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Minnesota Breakfast Syrup

Several years ago I read an article by an elderly gentleman from Minnesota in which he was reminiscing about his childhood breakfasts. In it he wrote that many people assume Maple syrup to be what was traditionally served up north, but in fact it wasn't what you'd find on the table at homes or diners. I cannot remember what he said the traditional syrup served was. He said it was to Minnesotan's what sorghum molasses is to the south and Maple syrup to the northeast. If anyone happens to know, I'd appreciate the information. Thank you.

asked by Droplet over 3 years ago
5 answers 1440 views
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Maedl

Margie is a trusted home cook immersed in German foodways.

added over 3 years ago

I'll take a wild stab at this and suggest that if it wasn't maple syrup, it was something on the order of Aunt Jemima's, or a precursor, since Aunt Jemima syrup was first produced i the 60s. That is what I remember being served in Midwestern diners back then

7b500f1f 3219 4d49 8161 e2fc340b2798  flower bee
added over 3 years ago

Thanks for the input, Maedl. Unfortunately my memory of the article is vague...I want to say that it was sugar beet molasses diluted with water that he was talking about, but I am just not certain...I remember him mentioning that "it took a little getting used to"...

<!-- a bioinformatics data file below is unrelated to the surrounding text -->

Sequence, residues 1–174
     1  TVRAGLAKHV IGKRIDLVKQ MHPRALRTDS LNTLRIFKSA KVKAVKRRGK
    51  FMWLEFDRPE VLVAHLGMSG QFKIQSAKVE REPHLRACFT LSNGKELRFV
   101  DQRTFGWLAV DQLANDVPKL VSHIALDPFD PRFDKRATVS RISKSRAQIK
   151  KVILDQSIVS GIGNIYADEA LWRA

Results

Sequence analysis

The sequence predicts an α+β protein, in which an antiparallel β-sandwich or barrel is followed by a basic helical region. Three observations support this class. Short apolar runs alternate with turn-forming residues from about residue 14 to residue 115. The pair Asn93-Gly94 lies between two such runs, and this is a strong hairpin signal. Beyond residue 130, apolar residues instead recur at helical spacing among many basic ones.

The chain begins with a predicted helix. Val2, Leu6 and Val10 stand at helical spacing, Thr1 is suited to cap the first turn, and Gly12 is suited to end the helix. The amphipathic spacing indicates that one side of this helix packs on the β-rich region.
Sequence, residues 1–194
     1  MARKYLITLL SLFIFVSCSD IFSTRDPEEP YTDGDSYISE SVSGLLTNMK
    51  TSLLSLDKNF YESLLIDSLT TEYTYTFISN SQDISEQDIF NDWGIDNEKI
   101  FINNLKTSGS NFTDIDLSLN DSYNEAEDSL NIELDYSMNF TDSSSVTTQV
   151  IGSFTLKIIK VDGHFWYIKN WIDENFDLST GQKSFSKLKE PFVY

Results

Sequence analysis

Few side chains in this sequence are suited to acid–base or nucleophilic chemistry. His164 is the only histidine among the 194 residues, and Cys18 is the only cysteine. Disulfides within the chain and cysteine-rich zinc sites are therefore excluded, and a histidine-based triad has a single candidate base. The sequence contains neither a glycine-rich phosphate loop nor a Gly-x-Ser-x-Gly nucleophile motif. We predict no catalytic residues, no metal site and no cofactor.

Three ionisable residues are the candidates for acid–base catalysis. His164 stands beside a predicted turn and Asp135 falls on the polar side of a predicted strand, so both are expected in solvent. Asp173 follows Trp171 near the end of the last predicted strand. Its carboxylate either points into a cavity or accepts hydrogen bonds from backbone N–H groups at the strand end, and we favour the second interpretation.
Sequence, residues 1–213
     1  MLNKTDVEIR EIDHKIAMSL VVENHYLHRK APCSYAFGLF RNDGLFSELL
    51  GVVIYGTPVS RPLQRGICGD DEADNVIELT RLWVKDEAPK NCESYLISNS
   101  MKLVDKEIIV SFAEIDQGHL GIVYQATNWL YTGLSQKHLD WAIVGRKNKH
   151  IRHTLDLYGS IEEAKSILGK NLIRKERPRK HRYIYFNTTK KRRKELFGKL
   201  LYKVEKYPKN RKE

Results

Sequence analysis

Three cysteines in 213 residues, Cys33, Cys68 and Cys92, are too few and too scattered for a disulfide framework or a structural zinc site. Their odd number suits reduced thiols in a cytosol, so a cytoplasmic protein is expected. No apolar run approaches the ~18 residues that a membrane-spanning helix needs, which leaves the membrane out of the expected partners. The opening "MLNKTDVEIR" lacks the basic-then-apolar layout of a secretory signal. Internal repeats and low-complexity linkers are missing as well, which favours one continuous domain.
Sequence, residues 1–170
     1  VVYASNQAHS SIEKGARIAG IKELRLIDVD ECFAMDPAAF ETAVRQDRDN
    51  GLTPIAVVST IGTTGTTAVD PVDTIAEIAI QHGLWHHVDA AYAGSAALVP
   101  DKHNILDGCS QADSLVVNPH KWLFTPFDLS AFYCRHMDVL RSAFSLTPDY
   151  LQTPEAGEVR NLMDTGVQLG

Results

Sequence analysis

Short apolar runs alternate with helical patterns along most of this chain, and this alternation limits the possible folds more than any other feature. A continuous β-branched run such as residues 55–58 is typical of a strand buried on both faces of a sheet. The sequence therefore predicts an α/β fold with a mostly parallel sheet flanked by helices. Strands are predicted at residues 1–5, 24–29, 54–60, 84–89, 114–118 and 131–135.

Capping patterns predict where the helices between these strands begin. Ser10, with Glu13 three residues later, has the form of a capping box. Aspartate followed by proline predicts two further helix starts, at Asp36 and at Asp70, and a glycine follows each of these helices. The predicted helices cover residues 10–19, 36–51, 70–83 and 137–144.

23b88974 7a89 4ef5 a567 d442bb75da04  avatar
Maedl

Margie is a trusted home cook immersed in German foodways.

added over 3 years ago

I believe that molasses is made from sugar cane, not beets, but you might want to look into Grandma’s Molasses. Syrup is made from sugar beets--it’s sold as ‘Goldsaft’ in Germany. Perhaps look for Golden Syrup in the US. You might also look at Lyle’s, from England. That, too is made from sugar cane, though.

7b500f1f 3219 4d49 8161 e2fc340b2798  flower bee
added over 3 years ago

Zuckerrübensirup-- I think that was it. Thank you for the trail :)

23b88974 7a89 4ef5 a567 d442bb75da04  avatar
Maedl

Margie is a trusted home cook immersed in German foodways.

added over 3 years ago

Well, it figures with all the German influence up there that it would be Goldsaft! I don’t think it takes much t acquire the taste though!